Home-made face masks should preferably be three layers, experts say
By Jane Kirby, PA Health Editor
Home-made face coverings need to be at least two layers and preferably three to curb the spread of Covid-19, new research suggests.
Experts found one layer of cotton T-shirt material is fairly effective as a barrier against droplets expelled during speaking, but two are “significantly better at reducing the droplet spread caused by coughing and sneezing”.
Three layers would be even better, the researchers said, and their study found surgical disposable masks offer the best protection of all.
In England, the Department of Health has published guidance for the public on how to make a home-made mask.
It recommends “two or three 25cm x 25cm squares of cotton fabric” sewn together and attached to the ears with elastic.
The Government and the World Health Organisation (WHO) have been keen to advise people to make their own cloth face coverings in the hope surgical masks will be reserved for health workers.
For the new study, published in the journal Thorax, experts from the University of New South Wales in Sydney, Australia, tested three types of masks.
Their one-layer face covering was made using a cotton T-shirt material, the two-layer covering was prepared by sewing two strips together, and the third was a surgical mask.
A tailored LED lighting system and a high-speed camera were used to capture the light scattered by droplets and aerosols expelled during speaking, coughing and sneezing while wearing the different types of mask.
The volunteer who took part was healthy with no respiratory infection. Tissue paper was put up the nose to stimulate sneezing.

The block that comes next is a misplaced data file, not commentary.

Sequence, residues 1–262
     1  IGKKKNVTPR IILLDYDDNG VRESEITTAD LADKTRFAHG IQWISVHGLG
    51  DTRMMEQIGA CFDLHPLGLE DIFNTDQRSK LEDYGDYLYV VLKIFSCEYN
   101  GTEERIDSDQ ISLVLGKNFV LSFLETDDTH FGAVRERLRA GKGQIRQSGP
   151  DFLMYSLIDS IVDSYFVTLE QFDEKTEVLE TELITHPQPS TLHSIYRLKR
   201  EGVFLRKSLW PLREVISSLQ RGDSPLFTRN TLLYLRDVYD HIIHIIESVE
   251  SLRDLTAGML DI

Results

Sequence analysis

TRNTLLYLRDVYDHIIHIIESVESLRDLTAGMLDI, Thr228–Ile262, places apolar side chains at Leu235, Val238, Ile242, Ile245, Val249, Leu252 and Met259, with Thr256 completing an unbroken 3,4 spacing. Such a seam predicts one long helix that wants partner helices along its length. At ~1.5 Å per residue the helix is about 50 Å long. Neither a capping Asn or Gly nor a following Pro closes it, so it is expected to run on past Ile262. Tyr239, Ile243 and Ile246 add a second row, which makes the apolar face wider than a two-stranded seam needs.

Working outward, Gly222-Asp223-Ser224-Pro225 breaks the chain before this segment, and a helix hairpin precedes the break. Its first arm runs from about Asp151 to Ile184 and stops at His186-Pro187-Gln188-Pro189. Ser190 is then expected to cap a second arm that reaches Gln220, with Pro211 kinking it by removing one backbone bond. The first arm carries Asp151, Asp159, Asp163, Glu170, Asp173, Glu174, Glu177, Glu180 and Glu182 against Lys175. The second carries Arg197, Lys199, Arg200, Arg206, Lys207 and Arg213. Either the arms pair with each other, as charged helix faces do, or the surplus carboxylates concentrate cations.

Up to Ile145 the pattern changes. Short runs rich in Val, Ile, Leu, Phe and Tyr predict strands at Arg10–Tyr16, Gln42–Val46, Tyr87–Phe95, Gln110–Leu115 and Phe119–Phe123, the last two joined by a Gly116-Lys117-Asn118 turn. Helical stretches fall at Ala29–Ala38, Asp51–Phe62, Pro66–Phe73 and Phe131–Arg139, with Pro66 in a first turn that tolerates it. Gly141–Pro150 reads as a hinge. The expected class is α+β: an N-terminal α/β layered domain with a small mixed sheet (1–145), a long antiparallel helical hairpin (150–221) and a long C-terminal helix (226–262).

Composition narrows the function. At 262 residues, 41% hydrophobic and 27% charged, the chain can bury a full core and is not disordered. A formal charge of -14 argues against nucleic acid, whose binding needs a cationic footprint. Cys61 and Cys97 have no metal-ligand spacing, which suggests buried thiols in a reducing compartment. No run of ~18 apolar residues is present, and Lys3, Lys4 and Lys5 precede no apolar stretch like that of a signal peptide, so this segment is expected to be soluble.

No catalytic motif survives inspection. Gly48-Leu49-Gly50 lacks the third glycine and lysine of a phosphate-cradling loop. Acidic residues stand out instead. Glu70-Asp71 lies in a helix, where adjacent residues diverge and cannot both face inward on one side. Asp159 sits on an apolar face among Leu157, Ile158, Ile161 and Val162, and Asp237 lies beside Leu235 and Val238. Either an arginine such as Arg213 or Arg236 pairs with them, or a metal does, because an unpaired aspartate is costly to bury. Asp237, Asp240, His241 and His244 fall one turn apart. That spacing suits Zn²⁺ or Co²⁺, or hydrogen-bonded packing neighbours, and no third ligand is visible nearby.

The researchers concluded: “From the captured video it can be observed that, for speaking, a single-layer cloth face covering reduced the droplet spread but a double-layer covering performed better.
“Even a single-layer face covering is better than no face covering.
“However, a double-layer cloth face covering was significantly better at reducing the droplet spread caused by coughing and sneezing.
“A surgical mask was the best among all the tested scenarios in preventing droplet spread from any respiratory emission.
“These visualisations show the value of using face masks and the difference between types of masks.”
The home-made masks in the study were made with 175 g/m² cotton fabric, with a thread count of 170 per inch.
The researchers said other factors contribute to the effectiveness of cloth face masks, such as design and fit, as well as the frequency of washing.
But they added: “In case of shortages of surgical masks, a cloth face covering with at least two layers is preferable to a single-layer one.
“Guidelines on home-made cloth masks should stipulate multiple layers.”
The team pointed to another study which showed a 12-layer cotton mask is as effective as a surgical mask, but a single-layer cloth mask does not protect against coronaviruses.
They said: “There is a need for more evidence to inform safer cloth mask design, and countries should ensure adequate manufacturing or procurement of surgical masks.”
Face coverings will be mandatory in shops and supermarkets in England from Friday.
The public are advised by the Government to wash their hands before putting a covering or mask on or taking it off, and to avoid touching their eyes, nose, or mouth while wearing one.
Face coverings should be stored in a plastic bag until they can be washed or disposed of, the Department of Health said.